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Sci. Signal., 2 August 2011
Vol. 4, Issue 184, p. ra50
[DOI: 10.1126/scisignal.2001945]

RESEARCH ARTICLES

Editor's Summary

Coming Together in the Light
The filamentous fungus Neurospora crassa uses two blue-light sensors, white collar-1 (WC-1) and VIVID (VVD), both of which contain light, oxygen, or voltage (LOV) domains, to regulate its responses to light. WC-1 and WC-2 form a complex (WCC) to drive expression of light-induced genes, including vvd, whereas VVD tunes responses to light by directly interacting with and antagonizing the function of WCC. Vaidya et al. solved the crystal structure of the light-induced dimer of VVD and compared it to previously determined structures of the dark-state, monomeric protein. This analysis revealed that light not only induced a conformational change in the positioning of the N-terminal cap of one subunit of VVD but also triggered the opening of a binding pocket in the opposing subunit, into which the N-terminal cap could dock. Determining the structure explained the functional responses observed in vvd-deficient Neurospora that expressed variant VVD proteins and may inform mechanisms by which LOV-containing proteins interact.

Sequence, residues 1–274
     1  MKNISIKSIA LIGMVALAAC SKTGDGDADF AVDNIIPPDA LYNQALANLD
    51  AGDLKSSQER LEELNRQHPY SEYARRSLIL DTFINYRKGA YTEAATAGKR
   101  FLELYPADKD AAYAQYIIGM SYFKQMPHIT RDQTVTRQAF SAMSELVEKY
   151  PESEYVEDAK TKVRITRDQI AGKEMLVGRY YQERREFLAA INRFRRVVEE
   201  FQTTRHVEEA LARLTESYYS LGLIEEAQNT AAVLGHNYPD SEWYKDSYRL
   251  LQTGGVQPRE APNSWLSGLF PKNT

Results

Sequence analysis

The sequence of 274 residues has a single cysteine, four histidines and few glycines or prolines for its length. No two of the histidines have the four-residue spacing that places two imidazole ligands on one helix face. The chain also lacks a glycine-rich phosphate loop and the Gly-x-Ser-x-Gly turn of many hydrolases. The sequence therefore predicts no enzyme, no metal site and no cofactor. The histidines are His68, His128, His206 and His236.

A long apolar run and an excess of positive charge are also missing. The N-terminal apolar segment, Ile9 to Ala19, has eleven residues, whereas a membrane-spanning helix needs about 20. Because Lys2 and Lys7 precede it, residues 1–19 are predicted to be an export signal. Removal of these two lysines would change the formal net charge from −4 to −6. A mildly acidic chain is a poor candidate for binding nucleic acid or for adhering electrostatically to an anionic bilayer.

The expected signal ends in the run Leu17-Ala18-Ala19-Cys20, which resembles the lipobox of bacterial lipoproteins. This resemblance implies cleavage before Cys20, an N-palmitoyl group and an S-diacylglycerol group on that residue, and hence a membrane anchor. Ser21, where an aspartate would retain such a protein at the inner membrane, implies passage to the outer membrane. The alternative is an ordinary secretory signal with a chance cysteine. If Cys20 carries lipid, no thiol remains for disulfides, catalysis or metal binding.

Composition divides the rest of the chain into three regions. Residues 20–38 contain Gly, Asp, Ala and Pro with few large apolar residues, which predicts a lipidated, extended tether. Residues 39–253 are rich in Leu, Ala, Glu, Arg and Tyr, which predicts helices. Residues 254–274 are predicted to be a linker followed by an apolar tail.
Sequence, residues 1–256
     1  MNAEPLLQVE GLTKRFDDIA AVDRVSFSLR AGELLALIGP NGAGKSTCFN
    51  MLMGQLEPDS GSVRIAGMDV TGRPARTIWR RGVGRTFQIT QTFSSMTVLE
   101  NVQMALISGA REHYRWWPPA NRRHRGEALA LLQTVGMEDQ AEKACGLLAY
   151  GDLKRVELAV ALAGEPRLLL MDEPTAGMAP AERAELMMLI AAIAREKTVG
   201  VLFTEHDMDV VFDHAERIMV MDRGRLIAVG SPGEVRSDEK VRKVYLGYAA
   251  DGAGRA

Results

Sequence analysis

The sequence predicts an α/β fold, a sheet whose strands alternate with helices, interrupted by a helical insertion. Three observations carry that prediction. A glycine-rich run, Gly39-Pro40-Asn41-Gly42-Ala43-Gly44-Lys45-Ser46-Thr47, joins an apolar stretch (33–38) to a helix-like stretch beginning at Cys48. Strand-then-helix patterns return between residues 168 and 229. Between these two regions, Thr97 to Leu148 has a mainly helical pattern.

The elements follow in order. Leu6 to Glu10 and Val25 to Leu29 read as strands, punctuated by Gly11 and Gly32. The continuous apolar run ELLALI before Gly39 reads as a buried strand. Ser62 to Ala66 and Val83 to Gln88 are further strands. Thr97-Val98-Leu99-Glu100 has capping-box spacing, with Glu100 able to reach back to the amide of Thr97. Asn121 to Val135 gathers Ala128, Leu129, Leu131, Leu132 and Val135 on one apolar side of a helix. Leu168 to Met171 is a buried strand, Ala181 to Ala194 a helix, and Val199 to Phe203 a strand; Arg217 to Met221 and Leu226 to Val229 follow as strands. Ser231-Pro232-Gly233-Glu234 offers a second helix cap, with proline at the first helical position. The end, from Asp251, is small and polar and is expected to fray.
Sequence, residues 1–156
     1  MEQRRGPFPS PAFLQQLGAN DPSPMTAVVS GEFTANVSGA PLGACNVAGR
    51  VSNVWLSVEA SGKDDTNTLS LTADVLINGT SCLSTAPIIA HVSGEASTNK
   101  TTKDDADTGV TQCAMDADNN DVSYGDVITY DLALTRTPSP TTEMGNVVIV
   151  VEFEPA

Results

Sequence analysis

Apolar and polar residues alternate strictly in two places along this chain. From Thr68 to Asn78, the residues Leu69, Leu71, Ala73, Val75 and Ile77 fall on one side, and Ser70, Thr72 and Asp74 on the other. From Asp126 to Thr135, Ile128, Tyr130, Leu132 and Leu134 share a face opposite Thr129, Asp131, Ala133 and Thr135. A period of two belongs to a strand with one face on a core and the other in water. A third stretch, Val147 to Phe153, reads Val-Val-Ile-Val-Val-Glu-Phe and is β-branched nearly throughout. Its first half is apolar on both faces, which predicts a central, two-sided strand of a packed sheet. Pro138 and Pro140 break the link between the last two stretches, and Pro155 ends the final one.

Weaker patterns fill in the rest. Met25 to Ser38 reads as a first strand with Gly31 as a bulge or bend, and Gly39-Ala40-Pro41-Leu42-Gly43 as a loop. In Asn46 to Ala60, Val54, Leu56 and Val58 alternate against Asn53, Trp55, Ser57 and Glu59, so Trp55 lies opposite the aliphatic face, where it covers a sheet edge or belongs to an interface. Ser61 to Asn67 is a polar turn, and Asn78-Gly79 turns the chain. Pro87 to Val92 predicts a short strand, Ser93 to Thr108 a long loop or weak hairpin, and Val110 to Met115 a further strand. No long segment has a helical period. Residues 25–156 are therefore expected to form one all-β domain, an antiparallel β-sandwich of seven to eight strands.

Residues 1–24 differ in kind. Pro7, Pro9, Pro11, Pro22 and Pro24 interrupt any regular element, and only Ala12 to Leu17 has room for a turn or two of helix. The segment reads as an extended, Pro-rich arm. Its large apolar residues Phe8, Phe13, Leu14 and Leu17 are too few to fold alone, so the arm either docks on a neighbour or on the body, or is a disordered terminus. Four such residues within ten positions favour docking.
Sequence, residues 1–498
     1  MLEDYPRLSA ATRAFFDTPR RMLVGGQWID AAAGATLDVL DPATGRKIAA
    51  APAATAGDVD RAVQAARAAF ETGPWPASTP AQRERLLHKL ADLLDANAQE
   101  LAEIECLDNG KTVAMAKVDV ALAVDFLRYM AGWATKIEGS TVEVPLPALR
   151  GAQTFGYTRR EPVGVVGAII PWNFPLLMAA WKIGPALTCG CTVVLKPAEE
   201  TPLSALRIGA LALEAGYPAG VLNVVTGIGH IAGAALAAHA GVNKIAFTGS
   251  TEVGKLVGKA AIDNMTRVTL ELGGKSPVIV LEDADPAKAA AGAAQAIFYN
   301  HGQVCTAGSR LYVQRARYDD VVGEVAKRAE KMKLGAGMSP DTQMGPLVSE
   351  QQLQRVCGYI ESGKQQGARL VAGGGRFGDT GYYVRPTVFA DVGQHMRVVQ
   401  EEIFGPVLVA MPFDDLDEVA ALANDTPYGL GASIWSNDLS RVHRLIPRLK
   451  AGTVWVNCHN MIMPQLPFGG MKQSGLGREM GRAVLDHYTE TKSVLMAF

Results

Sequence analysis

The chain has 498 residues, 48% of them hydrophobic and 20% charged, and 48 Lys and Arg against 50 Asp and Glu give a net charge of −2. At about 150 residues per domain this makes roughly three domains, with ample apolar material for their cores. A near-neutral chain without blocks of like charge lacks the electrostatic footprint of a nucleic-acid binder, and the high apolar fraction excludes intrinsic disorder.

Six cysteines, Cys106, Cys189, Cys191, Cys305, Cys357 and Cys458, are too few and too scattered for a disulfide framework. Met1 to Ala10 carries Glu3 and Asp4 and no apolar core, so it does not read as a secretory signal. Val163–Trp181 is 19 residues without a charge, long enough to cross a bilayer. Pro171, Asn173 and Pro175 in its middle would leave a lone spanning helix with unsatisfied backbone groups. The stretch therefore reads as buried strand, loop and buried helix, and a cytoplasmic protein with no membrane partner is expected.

Citation: A. T. Vaidya, C.-H. Chen, J. C. Dunlap, J. J. Loros, B. R. Crane, Structure of a Light-Activated LOV Protein Dimer That Regulates Transcription. Sci. Signal. 4, ra50 (2011).

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THIS ARTICLE HAS BEEN CITED BY OTHER ARTICLES:
The Neurospora photoreceptor VIVID exerts negative and positive control on light sensing to achieve adaptation.
E. Gin, A. C. R. Diernfellner, M. Brunner, and T. Hofer (2014)
Mol Syst Biol 9, 667
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